The past 6 months have been busy and eventful for the Office of the Inspector General (OIG). I do not believe our office has ever had as many important and sensitive reviews ongoing at the same time. These reviews include an investigation examining the removal of U.S. attorneys and alleged politicization in the Department of Justice’s (Department) hiring process for career employees; a follow-up review of the Federal Bureau of Investigation’s (FBI) use of national security letters; a review of the Department’s involvement with the National Security Agency (NSA) terrorist surveillance program; and a review of the FBI’s involvement in and observations of detainee interrogations in Guantanamo Bay, Iraq, and Afghanistan.
Although the size of our staff has not grown in recent years, our responsibilities have increased significantly. I am proud of the work of OIG staff in professionally handling these assignments, as well as many other important audits, inspections, and investigations. Examples of work completed during this reporting period and that we describe in this semiannual report include a follow-up review of the Terrorist Screening Center, a review of the U.S. Marshals Service’s (USMS) efforts to protect the federal judiciary, the third in a series of audits of the FBI’s development of its Sentinel information and case management system, an evaluation of coordination efforts among Department violent crime task forces, and an assessment of the FBI’s progress in implementing improvements in its internal security practices in response to our 2003 report examining the activities of convicted spy Robert Hanssen. In addition, our Investigations Division continues to handle sensitive criminal and administrative investigations of allegations of misconduct related to the Department’s programs and operations.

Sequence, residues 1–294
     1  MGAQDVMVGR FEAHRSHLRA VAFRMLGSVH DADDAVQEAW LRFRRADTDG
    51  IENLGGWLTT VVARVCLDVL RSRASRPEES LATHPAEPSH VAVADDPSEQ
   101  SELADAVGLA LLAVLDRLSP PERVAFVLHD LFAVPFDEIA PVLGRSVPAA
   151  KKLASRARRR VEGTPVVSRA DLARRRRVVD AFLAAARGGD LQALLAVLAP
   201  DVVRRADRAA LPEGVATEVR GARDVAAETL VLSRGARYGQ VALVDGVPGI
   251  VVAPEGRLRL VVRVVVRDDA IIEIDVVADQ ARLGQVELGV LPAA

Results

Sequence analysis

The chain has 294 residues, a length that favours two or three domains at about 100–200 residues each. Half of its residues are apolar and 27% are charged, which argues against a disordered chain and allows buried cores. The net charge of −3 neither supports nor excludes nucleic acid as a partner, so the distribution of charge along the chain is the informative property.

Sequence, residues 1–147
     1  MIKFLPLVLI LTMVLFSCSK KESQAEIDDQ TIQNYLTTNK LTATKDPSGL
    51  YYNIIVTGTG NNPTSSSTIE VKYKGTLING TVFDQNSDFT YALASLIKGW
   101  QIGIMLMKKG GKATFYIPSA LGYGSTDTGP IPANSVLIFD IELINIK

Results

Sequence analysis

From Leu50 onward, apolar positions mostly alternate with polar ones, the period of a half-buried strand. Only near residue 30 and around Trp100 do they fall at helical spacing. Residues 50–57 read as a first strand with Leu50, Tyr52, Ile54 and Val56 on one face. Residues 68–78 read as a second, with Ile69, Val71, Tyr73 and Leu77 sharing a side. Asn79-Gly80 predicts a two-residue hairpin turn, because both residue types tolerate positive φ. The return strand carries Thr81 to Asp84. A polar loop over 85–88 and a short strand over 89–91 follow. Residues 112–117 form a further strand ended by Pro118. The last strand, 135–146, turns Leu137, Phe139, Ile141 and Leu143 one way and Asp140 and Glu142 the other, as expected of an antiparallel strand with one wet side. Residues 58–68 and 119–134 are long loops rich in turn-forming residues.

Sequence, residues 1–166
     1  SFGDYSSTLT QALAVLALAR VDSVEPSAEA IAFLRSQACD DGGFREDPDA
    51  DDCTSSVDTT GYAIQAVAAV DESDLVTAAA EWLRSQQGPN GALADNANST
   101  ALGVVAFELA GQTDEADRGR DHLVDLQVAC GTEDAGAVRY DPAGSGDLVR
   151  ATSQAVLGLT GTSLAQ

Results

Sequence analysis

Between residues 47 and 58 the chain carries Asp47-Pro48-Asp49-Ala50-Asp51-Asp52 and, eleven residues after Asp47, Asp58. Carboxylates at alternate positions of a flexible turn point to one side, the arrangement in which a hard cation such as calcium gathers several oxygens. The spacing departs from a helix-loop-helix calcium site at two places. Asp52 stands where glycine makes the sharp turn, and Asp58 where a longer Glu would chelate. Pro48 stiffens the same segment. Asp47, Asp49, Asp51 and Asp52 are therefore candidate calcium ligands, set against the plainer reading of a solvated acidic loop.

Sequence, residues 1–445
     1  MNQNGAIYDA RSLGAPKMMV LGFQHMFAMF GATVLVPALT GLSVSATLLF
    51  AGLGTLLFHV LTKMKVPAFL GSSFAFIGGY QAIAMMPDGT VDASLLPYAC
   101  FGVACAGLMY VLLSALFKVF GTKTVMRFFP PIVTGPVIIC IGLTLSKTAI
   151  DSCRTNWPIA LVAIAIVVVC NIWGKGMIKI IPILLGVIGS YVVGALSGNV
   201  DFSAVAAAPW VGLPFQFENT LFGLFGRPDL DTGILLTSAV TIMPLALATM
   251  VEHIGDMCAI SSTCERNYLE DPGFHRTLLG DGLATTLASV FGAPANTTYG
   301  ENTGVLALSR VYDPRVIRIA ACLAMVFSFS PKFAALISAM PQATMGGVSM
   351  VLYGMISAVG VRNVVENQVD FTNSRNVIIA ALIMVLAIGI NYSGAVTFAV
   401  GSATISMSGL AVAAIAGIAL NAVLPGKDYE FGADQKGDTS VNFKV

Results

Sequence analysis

This semiannual report also includes the OIG’s updated list of top management and performance challenges facing the Department. As in past years, the top challenge facing the Department is counterterrorism, and many completed and ongoing OIG reviews focus on that issue. However, this year we also have included on the list the challenge of restoring confidence in the Department and its operations. The Department has faced significant criticism of its actions and has endured a great deal of turmoil during the past several months. These issues, coupled with numerous vacancies in senior positions, create a challenge for the new Attorney General and Department leaders to reestablish public confidence in the Department. We look forward to working with the new Attorney General in this and other areas.
Finally, I again want to express my gratitude to the dedicated OIG employees who work day-in and day-out to fulfill the OIG’s important mission. They are talented public servants who deserve recognition for their dedication in their efforts to improve the Department and its operations.
Glenn A. Fine
October 31, 2007